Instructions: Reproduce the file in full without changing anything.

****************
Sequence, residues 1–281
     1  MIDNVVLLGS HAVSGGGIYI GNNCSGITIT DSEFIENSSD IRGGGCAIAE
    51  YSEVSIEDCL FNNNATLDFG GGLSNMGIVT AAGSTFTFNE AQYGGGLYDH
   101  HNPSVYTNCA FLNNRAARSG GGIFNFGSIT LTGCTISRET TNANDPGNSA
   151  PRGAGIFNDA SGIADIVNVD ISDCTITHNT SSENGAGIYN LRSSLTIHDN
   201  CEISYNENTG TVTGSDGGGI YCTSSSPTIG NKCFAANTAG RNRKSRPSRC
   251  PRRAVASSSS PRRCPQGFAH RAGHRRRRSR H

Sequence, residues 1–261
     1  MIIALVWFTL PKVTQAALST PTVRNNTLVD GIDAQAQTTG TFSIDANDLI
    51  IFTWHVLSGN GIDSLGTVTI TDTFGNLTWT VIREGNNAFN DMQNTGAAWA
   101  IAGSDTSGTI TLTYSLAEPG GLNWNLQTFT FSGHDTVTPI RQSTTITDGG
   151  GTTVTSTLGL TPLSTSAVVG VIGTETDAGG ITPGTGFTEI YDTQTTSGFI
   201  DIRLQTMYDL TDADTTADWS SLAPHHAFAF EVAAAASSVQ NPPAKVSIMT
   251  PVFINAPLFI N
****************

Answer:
Sequence, residues 1–281
     1  MIDNVVLLGS HAVSGGGIYI GNNCSGITIT DSEFIENSSD IRGGGCAIAE
    51  YSEVSIEDCL FNNNATLDFG GGLSNMGIVT AAGSTFTFNE AQYGGGLYDH
   101  HNPSVYTNCA FLNNRAARSG GGIFNFGSIT LTGCTISRET TNANDPGNSA
   151  PRGAGIFNDA SGIADIVNVD ISDCTITHNT SSENGAGIYN LRSSLTIHDN
   201  CEISYNENTG TVTGSDGGGI YCTSSSPTIG NKCFAANTAG RNRKSRPSRC
   251  PRRAVASSSS PRRCPQGFAH RAGHRRRRSR H

Sequence, residues 1–261
     1  MIIALVWFTL PKVTQAALST PTVRNNTLVD GIDAQAQTTG TFSIDANDLI
    51  IFTWHVLSGN GIDSLGTVTI TDTFGNLTWT VIREGNNAFN DMQNTGAAWA
   101  IAGSDTSGTI TLTYSLAEPG GLNWNLQTFT FSGHDTVTPI RQSTTITDGG
   151  GTTVTSTLGL TPLSTSAVVG VIGTETDAGG ITPGTGFTEI YDTQTTSGFI
   201  DIRLQTMYDL TDADTTADWS SLAPHHAFAF EVAAAASSVQ NPPAKVSIMT
   251  PVFINAPLFI N